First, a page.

LizardFS linux CookBook¶
Setting DirectIO for your setup¶
In some cases we have experienced that the caching mechanism in some systems may slow down performance significantly. What has helped is switching the caching off and moving to Direct IO which omits the OS cache and writes directly to the block device underneath.
To enable DirectIO on your installation, you need to update the .lizardfs_tweaks file in the root of your mounted LizardFS. This is done by issuing the following on a mounted file system:
echo "DirectIO=true" > .lizardfs_tweaks
You can verify if the setting has changed to true by issuing the following command:
cat .lizardfs_tweaks | grep DirectIO
If you find that this does not improve your performance or in fact, slows it down, you can always change it back by running:
echo "DirectIO=false" > .lizardfs_tweaks
The changes are effective immediately.
The HA system utilized by LizardFS to keep your master servers always alive is called uraft. It has been developed by Sky Technologies Sp. z o.o. and is based on the raft algorithm developed by Diego Ongaro and John Ousterhout.
HA with only 2 masters¶
This is unsupported and only recommended if setup by certified engineering personnel.
Since it is a quorum based algorithm we usually recommend to users to have 1 master and 2 shadow nodes. But there is a way to run your HA with one master, one shadow and a raft only add-on on one of your chunkservers. This stub will still run a master server daemon but it will never switch it to active so it can be running anything.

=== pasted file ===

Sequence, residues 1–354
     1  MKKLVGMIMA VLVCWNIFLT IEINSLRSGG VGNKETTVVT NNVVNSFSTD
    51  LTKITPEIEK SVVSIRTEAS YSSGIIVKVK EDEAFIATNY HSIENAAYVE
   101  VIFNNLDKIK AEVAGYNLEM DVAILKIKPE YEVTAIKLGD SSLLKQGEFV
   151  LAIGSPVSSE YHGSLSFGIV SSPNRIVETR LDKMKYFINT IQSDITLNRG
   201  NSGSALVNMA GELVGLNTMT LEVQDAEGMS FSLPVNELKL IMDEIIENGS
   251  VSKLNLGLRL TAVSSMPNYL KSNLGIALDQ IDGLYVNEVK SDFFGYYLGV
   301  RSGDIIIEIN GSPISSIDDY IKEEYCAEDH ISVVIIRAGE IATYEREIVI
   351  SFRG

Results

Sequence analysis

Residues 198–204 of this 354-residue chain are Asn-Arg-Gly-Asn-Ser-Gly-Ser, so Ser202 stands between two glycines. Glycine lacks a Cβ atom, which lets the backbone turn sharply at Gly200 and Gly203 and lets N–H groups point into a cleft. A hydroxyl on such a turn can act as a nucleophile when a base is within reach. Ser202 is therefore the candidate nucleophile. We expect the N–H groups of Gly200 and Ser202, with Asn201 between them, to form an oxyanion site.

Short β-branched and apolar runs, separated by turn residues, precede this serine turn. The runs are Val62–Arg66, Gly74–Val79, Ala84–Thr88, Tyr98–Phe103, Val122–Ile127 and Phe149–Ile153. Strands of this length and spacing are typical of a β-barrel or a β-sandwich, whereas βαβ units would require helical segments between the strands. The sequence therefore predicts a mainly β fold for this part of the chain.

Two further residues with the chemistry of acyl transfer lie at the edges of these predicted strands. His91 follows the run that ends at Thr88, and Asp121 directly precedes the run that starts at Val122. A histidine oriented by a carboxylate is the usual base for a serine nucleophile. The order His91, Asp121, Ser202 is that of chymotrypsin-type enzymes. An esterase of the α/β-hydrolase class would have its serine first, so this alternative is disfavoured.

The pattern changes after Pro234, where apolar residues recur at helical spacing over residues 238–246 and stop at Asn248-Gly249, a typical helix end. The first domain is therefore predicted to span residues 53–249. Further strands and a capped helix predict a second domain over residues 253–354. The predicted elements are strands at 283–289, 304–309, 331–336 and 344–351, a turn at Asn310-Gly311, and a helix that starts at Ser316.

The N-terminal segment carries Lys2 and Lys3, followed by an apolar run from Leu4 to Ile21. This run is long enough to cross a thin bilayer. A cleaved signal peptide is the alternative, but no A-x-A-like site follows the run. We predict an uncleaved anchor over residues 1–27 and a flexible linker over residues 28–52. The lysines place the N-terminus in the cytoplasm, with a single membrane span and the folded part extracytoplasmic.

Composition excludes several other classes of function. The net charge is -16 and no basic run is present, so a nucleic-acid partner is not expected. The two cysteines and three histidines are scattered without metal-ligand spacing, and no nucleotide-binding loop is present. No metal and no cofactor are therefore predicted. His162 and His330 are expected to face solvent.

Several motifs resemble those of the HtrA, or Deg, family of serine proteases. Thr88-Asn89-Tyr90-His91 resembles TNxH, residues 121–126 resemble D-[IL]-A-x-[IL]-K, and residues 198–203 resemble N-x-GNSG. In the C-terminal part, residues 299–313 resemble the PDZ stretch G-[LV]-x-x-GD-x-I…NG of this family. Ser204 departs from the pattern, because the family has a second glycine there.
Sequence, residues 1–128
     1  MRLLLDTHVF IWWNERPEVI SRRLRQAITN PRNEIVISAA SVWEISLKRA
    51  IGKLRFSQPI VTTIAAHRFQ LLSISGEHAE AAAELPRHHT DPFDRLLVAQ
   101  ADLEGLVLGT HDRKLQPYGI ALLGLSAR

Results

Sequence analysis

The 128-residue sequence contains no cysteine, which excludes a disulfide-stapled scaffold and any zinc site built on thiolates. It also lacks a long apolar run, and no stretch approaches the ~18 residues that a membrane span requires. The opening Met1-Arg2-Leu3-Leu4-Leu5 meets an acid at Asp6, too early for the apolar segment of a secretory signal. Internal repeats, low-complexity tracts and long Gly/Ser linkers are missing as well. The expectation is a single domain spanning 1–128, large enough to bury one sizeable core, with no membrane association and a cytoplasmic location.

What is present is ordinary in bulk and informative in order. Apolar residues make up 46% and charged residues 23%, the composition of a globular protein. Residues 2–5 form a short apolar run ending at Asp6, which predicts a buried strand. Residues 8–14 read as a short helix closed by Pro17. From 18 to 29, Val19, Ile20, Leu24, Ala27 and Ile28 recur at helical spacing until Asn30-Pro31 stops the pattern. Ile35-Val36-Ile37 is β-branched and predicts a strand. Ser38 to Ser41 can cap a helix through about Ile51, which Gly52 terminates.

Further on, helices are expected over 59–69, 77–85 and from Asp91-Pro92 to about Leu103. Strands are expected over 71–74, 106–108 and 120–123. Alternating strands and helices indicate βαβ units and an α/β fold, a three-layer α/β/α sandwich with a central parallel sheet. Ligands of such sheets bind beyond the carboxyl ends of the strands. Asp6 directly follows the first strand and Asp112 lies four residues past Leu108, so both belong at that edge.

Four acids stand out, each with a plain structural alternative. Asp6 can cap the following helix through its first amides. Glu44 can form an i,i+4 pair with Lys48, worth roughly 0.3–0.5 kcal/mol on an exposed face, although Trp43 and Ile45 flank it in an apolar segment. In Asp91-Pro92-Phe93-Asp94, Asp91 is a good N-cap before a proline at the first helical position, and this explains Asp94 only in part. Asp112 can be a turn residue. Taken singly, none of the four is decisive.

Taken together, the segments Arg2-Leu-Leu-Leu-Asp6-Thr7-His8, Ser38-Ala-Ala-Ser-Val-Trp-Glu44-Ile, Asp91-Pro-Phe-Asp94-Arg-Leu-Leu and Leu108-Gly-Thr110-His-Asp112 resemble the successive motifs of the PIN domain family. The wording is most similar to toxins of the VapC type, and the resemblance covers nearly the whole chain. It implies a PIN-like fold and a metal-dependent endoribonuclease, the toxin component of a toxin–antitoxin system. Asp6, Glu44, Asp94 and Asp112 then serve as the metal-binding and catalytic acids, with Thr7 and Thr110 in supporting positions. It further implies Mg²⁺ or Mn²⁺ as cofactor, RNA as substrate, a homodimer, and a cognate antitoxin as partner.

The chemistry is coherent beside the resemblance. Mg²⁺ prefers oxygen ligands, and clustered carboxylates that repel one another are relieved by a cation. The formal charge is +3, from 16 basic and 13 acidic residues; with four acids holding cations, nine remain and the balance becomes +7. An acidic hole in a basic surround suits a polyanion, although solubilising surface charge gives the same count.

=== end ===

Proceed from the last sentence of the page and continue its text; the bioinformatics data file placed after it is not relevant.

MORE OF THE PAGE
All that is required to switch a node to “non master” mode is setting:
URAFT_ELECTOR_MODE = 1
in the lizardfs-uraft.cfg file. Everything else must be setup like it would be a normal lizardfs-master with uraft node except that the master will never be put into a real master role.
ZFS on Linux¶
ZFS is a high performance 128 bit file system developed by SUN Microsystems. We will show you here the basics how to install it on Linux. For specifics how to fine tune, optimize and manage zfs, please consult the links in the “see also” part at the end of the ZFS articles. On Linux we use the Open-ZFS way and do not use FUSE to get maximum performance.
Installing ZFS on RHEL/Centos 7¶
To avoid all the licensing discussions (we do not get into that but you can read up on it <here https://www.softwarefreedom.org/resources/2016/ linux-kernel-cddl.html>_ if you like) the Open-ZFS project has a way where you while installing the driver compile it yourself and that way get around all the license discussions for binary modules it seems. So here we go:
You will require to add the epel repository to your system:
$ yum install epel-release $ yum update
And than the open-zfs project repository:
$ yum localinstall -y --nogpgcheck http://archive.zfsonlinux.org/epel/zfs-release.el7.noarch.rpm
after which you can install the sources required and automatically build the required modules on your system:
yum install -y kernel-devel zfs
Test if your installation worked:
modprobe zfs lsmod | zfs
Test if you can use the zfs commands:
zfs list zpool list
Now you can install zpools and file systems with ZFS.
- A guide to install and use zfs on centos 7
- The Open-ZFS Project
- ZFS Manual in the FreeBSD Handbook
- The ZFS On Linux - ZOL project supplies packages and documentation for every major distro: ZFS On Linux - ZOL
- ZFS in the Ubuntu Wiki
- How to install and use ZFS on Ubuntu and why you’d want to
- An extensive Guide about ZFS on Debian by Aaron Toponce
- Performance tuning instructions from the Open-ZFS Project